How To Talk To Someone You Love (?)


There are 26 letters in the English alphabet.

Morse code includes the entire English alphabet, in addition to some Latin letters and a few Arabic numerals.

In Latin, I love you is te amo. In Arabic, it’s bahebbak — or bahebbik, if you’re speaking to a woman.

I love you in Morse code is difficult to write and even harder to read, if you’re unfamiliar with Morse code.

What’s more difficult than that is saying I love you aloud, especially if someone else is listening.

Harder still, is meaning it. At least for some people. For some of us, that’s the easiest part.

Sanskrit has 96 words for love — the most of any language, as far as I know.

The Chinese character for love looks quite complex; I have to wonder if that was strategic.

If you were interested, I love you in Morse code would look something like this: .. .-.. — …- . -.– — ..- (I told you it was difficult.)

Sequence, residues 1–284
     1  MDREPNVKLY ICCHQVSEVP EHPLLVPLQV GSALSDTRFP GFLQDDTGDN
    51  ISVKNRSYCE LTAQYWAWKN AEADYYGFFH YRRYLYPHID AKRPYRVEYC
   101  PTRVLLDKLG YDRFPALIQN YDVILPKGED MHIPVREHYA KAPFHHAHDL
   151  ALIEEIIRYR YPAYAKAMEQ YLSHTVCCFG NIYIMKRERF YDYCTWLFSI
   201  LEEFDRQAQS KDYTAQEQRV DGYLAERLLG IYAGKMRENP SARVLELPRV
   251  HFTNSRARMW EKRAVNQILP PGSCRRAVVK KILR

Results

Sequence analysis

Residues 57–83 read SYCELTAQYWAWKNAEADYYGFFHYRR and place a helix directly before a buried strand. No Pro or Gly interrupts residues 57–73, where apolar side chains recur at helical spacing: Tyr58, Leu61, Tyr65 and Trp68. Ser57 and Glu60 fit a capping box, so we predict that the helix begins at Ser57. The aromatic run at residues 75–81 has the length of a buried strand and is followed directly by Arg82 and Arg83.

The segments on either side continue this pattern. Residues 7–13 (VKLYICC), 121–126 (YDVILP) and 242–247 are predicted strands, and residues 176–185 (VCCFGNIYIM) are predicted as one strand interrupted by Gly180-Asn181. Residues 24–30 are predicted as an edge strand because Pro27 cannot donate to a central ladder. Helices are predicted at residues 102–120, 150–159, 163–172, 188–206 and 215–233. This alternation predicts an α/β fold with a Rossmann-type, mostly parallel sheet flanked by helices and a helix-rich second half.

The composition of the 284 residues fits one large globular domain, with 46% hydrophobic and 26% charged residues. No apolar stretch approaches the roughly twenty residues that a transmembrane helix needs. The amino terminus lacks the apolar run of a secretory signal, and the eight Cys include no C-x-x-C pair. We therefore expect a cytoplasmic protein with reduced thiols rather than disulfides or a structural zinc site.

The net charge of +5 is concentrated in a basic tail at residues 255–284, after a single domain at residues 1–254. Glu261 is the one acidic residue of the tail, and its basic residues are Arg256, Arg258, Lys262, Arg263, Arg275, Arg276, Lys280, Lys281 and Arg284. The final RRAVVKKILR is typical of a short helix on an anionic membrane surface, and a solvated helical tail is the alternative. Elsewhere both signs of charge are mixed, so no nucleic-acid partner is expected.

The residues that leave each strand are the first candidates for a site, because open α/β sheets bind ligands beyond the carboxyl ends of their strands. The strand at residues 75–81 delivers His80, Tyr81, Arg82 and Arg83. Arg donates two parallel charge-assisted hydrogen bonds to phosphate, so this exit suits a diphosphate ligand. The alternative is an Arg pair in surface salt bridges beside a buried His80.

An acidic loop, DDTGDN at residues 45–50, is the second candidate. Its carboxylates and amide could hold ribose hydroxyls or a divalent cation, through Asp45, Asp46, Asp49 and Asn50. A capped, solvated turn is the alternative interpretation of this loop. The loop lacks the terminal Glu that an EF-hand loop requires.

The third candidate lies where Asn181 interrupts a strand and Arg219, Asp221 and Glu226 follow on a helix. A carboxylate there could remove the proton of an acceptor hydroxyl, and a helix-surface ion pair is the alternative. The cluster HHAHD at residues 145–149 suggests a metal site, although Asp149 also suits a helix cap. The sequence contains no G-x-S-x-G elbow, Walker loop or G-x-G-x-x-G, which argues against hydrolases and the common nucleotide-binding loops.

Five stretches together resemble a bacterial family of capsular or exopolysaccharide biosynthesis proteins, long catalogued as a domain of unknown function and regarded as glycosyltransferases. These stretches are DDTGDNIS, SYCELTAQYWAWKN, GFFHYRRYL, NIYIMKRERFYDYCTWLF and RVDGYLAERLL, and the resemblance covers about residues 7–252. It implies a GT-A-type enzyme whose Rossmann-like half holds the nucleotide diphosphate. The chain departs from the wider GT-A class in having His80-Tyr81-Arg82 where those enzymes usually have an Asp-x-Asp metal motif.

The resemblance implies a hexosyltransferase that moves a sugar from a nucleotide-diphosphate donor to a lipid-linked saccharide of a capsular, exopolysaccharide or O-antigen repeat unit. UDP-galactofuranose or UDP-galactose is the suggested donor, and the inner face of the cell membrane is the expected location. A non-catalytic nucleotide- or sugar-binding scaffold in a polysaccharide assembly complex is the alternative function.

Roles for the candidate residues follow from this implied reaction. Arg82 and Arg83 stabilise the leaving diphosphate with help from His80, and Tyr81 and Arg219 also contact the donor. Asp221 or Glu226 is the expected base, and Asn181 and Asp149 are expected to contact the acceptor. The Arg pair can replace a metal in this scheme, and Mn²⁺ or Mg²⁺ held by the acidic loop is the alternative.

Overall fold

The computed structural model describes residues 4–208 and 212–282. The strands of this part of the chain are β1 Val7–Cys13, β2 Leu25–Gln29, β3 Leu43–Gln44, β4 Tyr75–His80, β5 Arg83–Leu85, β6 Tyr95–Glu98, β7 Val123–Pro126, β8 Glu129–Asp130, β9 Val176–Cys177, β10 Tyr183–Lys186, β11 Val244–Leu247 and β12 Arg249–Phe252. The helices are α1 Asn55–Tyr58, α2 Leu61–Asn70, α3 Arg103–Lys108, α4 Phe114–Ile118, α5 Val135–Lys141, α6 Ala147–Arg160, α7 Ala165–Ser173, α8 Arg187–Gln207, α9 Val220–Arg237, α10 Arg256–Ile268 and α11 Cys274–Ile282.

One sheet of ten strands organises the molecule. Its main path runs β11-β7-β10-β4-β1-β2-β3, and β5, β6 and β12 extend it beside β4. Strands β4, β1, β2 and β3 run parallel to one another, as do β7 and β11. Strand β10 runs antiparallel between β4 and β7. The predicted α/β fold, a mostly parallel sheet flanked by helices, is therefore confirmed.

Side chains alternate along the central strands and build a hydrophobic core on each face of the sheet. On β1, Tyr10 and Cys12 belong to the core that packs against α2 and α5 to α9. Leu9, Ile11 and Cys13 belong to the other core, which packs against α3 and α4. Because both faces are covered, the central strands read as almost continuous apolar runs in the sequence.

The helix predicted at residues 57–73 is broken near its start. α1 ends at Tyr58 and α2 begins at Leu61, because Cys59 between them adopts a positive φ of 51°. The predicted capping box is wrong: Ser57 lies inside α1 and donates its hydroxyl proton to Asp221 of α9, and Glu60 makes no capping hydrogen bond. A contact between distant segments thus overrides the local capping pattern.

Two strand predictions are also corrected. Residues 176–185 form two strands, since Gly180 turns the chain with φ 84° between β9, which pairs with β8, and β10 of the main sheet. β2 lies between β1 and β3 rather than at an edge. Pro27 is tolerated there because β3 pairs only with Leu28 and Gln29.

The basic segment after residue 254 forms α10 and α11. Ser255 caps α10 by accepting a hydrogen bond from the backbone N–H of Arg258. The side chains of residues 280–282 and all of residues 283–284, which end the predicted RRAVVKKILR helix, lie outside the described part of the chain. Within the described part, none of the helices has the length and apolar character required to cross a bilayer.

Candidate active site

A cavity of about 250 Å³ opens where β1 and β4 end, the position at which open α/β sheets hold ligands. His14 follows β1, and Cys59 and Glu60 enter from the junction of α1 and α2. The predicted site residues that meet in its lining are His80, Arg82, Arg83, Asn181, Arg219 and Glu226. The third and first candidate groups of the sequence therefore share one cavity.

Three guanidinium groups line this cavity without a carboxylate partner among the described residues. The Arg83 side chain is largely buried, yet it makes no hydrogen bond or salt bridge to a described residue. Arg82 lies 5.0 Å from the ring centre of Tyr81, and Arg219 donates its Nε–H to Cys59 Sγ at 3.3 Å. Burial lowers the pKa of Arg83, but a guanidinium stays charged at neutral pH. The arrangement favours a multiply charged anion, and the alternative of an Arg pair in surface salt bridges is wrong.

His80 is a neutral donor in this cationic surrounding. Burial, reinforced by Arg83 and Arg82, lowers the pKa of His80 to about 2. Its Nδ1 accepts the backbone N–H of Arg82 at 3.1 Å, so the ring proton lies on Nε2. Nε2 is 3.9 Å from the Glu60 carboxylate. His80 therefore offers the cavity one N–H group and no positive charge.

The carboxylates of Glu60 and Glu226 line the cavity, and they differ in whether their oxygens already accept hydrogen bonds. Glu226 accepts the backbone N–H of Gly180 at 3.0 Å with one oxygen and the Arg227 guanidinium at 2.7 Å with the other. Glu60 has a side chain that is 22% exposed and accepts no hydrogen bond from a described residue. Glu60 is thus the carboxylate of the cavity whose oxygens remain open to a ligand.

A word the Chinese have that we don’t is yuanfen, which means ‘the invisible thread that connects some people, especially romantic couples, determined by fate.’ I don’t believe in fate and I’m pretty sure you don’t, either, but I still sometimes wish we could have this word just in case.

The term love comes from the Sanskrit lubhyati, which means “desire.” We had 96 options and we chose desire. Maybe that’s our problem, or maybe that was strategic, too.

It might be a good thing that we don’t have yuanfen, though, because fate and destiny are not one and the same. Fate can be fleeting but destiny is more forever than that, more permanent, and I can’t say that I want that word more than I want you to be something that stays for a long time. Some words are just not worth having.

Greek has four words for love: Agápe, éros, philía and storge. Occasionally a fifth kind of love will slip into the equation, people think there might be five Greek ways to love rather than four, and yet no one seems to agree on which word it is. I’m under the impression that the fifth word, the missing one, the one we can’t agree on is the closest to being the truth.

In English, instead of four words, we get just four letters. 15.4% of the alphabet, roughly.

If all the letters, words, and languages in the world are not enough to tell you how I feel when you walk into a room, I’m not sure four letters will ever suffice.